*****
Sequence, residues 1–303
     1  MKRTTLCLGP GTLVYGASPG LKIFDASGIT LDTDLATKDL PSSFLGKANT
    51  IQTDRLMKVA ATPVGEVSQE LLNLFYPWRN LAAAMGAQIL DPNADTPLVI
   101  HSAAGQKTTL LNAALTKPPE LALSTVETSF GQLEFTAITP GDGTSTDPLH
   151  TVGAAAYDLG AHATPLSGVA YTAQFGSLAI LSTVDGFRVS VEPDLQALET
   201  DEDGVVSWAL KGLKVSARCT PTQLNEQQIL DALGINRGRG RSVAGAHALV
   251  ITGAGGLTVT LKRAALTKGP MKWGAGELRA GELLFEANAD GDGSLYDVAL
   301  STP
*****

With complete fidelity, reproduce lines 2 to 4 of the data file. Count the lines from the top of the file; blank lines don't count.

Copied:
     1  MKRTTLCLGP GTLVYGASPG LKIFDASGIT LDTDLATKDL PSSFLGKANT
    51  IQTDRLMKVA ATPVGEVSQE LLNLFYPWRN LAAAMGAQIL DPNADTPLVI
   101  HSAAGQKTTL LNAALTKPPE LALSTVETSF GQLEFTAITP GDGTSTDPLH